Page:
Transmembrane channel-like (TMC) genes encode a broadly conserved family of multipass integral membrane proteins in animals1,2. Human TMC1 and TMC2 genes are linked to human deafness and required for hair-cell mechanotransduction; however, the molecular functions of these and other TMC proteins have not been determined3,4,5,6. Here we show that the Caenorhabditis elegans tmc-1 gene encodes a sodium sensor that functions specifically in salt taste chemosensation. tmc-1 is expressed in the ASH polymodal avoidance neurons, where it is required for salt-evoked neuronal activity and behavioural avoidance of high concentrations of NaCl. However, tmc-1 has no effect on responses to other stimuli sensed by the ASH neurons including high osmolarity and chemical repellents, indicating a specific role in salt sensation. When expressed in mammalian cell culture, C. elegans TMC-1 generates a predominantly cationic conductance activated by high extracellular sodium but not by other cations or uncharged small molecules. Thus, TMC-1 is both necessary for salt sensation in vivo and sufficient to generate a sodium-sensitive channel in vitro, identifying it as a probable ionotropic sensory receptor.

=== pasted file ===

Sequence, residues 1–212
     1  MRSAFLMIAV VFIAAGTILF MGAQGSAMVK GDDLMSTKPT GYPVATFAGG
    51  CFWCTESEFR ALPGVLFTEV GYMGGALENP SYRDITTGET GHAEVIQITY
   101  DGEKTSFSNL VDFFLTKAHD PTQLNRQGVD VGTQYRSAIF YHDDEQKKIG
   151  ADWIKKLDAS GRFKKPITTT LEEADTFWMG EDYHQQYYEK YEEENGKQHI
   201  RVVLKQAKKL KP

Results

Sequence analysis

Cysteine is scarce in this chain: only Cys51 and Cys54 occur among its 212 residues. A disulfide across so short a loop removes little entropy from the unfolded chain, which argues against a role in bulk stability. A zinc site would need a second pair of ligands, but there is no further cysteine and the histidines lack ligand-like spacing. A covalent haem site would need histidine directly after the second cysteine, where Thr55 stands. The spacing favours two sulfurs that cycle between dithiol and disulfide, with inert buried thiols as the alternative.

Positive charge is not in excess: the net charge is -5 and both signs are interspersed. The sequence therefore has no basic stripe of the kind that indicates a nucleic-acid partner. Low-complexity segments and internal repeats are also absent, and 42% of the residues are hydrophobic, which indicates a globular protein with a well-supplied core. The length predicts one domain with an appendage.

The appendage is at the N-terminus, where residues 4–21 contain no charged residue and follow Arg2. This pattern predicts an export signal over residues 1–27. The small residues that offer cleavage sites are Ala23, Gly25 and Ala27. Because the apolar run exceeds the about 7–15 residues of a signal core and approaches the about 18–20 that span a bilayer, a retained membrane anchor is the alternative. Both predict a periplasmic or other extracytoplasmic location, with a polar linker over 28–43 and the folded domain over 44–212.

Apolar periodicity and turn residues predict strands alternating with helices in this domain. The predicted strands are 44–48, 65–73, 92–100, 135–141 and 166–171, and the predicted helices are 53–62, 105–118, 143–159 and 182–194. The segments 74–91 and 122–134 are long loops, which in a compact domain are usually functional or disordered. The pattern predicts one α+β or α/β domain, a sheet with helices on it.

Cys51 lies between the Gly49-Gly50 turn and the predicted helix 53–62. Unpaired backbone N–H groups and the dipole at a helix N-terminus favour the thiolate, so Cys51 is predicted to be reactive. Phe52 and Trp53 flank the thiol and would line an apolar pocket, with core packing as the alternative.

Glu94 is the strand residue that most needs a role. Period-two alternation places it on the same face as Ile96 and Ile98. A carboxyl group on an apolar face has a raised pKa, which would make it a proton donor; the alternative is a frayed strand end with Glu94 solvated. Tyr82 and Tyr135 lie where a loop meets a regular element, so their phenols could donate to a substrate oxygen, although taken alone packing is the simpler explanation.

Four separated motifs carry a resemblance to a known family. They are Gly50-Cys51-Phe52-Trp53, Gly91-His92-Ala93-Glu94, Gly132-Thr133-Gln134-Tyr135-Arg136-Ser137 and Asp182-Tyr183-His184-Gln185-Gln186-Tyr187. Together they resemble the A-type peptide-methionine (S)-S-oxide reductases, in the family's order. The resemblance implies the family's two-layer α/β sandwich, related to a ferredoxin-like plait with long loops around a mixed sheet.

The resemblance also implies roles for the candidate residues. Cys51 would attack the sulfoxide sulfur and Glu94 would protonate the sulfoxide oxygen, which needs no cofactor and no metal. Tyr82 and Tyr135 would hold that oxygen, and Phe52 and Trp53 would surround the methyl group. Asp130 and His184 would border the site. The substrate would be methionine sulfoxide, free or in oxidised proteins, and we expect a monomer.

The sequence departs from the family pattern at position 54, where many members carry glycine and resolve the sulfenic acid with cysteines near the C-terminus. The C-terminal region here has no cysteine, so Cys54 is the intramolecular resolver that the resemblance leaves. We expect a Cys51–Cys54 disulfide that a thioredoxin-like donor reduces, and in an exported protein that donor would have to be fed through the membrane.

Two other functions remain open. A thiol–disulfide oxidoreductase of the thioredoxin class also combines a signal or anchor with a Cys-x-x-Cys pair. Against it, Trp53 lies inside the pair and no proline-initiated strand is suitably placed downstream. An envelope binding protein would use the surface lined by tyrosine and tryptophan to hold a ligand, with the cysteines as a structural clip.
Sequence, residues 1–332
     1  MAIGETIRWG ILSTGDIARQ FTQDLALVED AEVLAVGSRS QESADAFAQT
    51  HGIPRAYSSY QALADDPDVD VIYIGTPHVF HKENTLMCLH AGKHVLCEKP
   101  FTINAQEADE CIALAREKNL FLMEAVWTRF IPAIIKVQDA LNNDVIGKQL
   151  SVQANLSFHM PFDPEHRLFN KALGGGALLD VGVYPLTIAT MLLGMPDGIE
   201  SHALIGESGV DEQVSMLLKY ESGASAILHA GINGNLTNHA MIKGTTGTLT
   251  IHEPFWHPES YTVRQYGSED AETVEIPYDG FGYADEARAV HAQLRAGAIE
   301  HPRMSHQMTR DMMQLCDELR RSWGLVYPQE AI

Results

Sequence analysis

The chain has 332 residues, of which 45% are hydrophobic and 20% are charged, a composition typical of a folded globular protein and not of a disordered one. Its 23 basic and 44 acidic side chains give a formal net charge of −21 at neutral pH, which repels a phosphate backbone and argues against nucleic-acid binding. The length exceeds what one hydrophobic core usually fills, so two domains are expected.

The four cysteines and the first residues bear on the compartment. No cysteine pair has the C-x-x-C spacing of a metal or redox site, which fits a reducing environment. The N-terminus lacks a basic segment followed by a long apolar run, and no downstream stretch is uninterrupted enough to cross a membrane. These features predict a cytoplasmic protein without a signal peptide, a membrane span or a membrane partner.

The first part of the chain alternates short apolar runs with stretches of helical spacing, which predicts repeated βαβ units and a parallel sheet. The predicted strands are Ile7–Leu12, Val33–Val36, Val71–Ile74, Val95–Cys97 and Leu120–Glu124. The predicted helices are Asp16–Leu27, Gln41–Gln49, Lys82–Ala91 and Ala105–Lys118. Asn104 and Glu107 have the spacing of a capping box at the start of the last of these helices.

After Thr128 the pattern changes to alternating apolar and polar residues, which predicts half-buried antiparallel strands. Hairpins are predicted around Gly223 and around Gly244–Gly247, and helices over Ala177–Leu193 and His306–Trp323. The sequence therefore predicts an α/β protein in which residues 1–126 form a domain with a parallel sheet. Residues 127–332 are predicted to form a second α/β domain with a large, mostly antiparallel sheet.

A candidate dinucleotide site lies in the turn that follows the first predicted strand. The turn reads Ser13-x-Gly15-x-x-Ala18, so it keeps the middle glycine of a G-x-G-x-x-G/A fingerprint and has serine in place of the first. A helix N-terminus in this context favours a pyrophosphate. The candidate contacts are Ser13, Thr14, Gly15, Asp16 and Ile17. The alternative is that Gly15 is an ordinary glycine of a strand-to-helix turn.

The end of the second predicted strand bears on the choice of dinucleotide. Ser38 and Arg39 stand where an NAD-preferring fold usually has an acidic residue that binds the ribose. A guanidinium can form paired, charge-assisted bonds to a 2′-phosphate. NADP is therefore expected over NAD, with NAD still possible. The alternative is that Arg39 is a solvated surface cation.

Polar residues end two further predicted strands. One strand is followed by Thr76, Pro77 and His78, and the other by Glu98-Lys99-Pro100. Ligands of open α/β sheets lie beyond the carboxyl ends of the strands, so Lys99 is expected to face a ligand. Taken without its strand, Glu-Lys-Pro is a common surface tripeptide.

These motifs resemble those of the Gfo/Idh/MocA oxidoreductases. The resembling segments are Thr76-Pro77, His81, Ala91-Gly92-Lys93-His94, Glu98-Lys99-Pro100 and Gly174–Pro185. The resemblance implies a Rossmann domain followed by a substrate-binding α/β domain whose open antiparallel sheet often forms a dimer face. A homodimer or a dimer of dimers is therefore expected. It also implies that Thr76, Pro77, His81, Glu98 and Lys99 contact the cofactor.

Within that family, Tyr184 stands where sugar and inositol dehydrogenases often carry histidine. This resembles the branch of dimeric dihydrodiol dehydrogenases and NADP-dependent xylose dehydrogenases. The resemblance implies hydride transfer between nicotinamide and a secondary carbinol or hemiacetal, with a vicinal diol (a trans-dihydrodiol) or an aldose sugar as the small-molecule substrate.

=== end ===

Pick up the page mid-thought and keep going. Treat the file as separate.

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We thank the Caenorhabditis Genetics Center and M. de Bono for strains, and A. Patapoutian, J. R. Holt, J. Hao, B. Zhao, D. Miller and R. Branicky for suggestions and comments on the manuscript. This research was supported by the Medical Research Council (W.R.S.) and grants to S.W.H. from the National Research Foundation of Korea (2012000540) and Korea Health technology R&D Project of Ministry of Health & Welfare (A111373).
The authors declare no competing financial interests.
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Chatzigeorgiou, M., Bang, S., Hwang, S. et al. tmc-1 encodes a sodium-sensitive channel required for salt chemosensation in C. elegans. Nature 494, 95–99 (2013). https://doi.org/10.1038/nature11845
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